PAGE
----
So how should we promote on Facebook?

Remember, it’s a social network. Be social:

  • Have a personal profile and an author page, and don’t post the same content on both.
  • Focus on engagement with posts over quantity of posts. Look for ways to connect with your target reader.
  • Focus your content on your followers want: inspirational quotes, book sales and recommendations (not just your own books), personal news, and articles on relevant topics. You can use your Page Insights tool to see what specific posts get the most engagement.
  • Self-promote only when you have something new to say: a new cover reveal, a new book available on pre-order, a new release, an older book on sale for a limited time.
  • If you choose to pay for advertising, make sure you do it properly: aim for email list signups or book sales not page Likes, do some training first, learn how to target your ads, use targeting pixels, and calculate ROI on each campaign (if you don’t know what pixels are or why they are important . . . well, that’s why you need to get some training first).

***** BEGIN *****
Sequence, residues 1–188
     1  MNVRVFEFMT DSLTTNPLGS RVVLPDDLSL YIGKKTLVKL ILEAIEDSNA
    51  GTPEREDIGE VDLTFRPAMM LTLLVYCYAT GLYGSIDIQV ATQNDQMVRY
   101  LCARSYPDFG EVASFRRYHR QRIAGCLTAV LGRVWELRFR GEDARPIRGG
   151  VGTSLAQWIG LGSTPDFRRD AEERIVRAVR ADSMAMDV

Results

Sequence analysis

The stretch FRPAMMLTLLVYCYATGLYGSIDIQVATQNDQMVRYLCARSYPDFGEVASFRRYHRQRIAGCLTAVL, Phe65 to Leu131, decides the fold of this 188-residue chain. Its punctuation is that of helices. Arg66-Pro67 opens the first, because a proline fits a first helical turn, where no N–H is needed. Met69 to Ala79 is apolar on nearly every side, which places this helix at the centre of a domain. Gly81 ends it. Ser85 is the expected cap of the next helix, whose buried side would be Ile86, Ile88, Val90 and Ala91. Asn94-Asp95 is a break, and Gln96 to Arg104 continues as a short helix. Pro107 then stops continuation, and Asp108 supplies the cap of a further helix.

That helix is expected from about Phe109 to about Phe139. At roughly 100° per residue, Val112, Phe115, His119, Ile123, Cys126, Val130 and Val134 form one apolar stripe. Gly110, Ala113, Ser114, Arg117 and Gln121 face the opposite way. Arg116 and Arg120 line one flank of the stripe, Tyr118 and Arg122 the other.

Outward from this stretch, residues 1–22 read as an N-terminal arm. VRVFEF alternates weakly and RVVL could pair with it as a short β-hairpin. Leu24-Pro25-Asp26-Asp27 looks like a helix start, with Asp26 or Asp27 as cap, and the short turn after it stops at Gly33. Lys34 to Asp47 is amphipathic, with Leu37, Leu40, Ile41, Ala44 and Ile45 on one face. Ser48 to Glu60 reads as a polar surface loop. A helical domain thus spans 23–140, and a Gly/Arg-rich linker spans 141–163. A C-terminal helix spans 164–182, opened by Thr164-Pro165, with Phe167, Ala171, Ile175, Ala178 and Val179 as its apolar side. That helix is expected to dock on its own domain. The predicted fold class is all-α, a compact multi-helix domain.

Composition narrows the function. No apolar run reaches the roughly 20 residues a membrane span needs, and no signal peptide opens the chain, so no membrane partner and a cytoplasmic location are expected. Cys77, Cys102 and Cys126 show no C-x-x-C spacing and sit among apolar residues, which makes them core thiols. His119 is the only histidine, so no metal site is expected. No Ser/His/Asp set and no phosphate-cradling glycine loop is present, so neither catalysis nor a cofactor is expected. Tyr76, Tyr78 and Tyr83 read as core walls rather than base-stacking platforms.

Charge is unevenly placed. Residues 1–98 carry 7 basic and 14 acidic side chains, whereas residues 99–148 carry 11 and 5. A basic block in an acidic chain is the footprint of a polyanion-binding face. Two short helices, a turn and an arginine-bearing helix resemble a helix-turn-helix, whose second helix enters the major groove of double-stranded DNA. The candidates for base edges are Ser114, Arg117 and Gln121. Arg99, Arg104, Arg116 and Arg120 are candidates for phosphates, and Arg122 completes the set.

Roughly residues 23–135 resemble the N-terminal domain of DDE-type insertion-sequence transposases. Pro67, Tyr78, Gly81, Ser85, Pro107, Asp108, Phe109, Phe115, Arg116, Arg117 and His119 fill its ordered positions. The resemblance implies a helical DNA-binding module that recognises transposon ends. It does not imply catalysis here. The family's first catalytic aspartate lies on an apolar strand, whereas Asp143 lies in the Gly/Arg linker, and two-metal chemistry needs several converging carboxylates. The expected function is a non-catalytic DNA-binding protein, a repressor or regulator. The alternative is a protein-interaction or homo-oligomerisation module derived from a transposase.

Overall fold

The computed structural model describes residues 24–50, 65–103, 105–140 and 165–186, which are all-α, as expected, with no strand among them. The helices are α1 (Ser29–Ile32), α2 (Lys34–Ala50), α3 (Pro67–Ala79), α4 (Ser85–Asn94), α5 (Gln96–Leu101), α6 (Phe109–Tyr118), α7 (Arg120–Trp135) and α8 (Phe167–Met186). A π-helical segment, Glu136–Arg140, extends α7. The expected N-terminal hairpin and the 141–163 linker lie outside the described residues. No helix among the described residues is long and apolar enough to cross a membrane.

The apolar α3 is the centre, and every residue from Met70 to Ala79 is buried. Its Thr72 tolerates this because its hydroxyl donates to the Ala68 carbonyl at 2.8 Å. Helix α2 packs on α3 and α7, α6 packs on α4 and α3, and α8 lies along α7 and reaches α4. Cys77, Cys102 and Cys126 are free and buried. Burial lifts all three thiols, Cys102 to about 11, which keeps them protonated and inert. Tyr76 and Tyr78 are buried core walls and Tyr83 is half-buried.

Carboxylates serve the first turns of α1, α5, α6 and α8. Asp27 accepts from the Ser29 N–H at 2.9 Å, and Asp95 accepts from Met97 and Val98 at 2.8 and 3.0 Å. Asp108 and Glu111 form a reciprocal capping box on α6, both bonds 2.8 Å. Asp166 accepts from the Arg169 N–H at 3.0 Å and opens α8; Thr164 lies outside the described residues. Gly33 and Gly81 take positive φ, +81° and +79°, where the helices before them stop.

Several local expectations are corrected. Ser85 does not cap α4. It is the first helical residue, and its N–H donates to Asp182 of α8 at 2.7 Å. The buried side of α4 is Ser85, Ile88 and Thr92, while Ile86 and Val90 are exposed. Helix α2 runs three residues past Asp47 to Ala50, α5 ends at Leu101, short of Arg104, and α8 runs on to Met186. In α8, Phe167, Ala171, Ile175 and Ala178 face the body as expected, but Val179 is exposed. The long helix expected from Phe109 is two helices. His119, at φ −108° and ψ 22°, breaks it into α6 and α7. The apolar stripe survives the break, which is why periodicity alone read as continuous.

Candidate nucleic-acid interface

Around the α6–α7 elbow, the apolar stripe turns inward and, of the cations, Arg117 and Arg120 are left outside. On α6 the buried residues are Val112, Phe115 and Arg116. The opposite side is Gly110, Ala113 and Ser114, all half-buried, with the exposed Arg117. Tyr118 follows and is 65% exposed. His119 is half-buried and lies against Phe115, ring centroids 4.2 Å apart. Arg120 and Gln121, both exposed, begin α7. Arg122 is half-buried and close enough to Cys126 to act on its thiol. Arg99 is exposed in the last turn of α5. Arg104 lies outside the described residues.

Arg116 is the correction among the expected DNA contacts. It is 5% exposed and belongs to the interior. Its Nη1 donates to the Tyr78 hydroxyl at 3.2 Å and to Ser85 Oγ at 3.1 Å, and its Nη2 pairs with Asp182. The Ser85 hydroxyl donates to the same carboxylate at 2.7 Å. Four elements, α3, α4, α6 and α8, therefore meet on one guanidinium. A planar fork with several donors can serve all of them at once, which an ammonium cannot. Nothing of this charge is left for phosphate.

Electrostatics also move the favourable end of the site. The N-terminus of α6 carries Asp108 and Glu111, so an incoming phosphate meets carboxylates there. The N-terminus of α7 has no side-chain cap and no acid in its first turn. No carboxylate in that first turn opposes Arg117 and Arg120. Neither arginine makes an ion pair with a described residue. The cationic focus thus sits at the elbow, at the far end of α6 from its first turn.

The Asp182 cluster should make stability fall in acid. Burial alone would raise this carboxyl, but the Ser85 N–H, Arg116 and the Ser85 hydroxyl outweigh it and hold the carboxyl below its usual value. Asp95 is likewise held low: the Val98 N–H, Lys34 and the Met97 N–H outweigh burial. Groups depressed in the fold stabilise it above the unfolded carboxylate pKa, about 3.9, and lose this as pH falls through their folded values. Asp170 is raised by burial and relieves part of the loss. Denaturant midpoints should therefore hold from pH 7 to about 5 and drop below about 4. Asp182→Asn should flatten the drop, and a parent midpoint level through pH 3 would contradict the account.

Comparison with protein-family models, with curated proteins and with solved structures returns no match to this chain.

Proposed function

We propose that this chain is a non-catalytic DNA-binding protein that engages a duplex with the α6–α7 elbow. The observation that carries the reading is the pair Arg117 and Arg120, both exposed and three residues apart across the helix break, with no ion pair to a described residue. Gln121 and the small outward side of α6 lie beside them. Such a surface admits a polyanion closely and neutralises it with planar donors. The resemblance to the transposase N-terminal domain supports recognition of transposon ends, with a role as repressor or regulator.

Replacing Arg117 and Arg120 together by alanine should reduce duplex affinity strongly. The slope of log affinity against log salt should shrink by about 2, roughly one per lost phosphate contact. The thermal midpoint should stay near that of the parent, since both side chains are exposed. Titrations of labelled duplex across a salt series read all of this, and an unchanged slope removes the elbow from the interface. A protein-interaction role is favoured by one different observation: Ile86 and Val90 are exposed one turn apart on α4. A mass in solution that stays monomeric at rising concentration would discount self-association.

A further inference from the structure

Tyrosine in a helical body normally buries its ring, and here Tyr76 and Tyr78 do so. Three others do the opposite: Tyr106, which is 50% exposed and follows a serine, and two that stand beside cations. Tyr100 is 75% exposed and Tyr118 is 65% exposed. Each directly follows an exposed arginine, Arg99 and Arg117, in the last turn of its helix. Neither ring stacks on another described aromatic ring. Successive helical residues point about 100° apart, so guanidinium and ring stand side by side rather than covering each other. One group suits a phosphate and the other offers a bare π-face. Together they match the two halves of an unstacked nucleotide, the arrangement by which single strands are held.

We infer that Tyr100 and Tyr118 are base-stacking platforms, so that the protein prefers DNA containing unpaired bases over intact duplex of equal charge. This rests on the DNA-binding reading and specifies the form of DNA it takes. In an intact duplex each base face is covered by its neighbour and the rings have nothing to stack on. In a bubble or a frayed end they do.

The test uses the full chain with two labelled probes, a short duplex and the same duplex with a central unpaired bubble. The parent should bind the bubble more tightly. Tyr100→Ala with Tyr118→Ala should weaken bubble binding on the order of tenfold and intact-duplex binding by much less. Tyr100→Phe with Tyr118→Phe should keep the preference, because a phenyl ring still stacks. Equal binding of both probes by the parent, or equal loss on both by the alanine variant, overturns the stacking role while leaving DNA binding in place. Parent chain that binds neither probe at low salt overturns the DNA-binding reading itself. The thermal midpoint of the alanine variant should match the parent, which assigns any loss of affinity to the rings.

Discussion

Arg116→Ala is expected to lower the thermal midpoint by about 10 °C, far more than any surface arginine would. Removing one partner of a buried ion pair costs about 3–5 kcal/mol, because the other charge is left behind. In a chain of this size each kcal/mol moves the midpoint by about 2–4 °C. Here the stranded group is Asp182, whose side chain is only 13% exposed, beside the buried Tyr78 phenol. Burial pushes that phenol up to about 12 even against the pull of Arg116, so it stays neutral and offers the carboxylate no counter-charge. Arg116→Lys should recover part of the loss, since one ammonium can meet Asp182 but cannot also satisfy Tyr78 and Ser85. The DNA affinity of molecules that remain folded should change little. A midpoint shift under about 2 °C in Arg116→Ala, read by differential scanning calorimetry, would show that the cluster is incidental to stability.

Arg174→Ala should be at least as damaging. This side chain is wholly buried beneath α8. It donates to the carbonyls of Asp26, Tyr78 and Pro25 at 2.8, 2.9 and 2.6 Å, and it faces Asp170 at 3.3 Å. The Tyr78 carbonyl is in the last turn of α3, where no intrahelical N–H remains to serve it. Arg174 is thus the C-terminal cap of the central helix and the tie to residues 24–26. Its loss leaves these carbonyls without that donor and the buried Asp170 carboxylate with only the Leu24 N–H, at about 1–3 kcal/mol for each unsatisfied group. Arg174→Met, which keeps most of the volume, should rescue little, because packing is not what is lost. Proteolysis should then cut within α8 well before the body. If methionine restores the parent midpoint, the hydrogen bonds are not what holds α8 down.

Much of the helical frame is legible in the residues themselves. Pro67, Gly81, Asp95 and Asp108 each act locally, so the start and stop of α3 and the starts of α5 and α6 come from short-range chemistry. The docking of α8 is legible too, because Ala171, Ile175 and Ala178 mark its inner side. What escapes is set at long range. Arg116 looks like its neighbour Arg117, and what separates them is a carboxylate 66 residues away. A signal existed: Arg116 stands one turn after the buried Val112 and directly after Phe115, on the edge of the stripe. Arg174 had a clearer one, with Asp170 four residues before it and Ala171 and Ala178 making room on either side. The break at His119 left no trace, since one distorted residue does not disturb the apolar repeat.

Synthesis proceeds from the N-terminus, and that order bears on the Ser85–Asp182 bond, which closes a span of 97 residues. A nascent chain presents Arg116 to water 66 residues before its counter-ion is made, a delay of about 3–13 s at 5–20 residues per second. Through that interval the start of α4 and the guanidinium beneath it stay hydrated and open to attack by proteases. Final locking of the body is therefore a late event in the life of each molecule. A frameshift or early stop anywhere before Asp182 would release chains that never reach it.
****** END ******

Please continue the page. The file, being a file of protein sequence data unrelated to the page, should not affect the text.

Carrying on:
(If you want information on Facebook advertising, check out this brilliant blog post—well, essay—from author Jeff Posey: Facebook Advertisements)

Overall, remember that spam is in the eye of the beholder (you might think you’re not spamming, but it’s not your view that counts. It’s the view of your current and potential readers). Focus on connecting with readers, ensure every post is something they will want to Like, Comment on, or Share.

Are you a Facebook fan? If not, which social network do you prefer, and why?

About Iola Goulton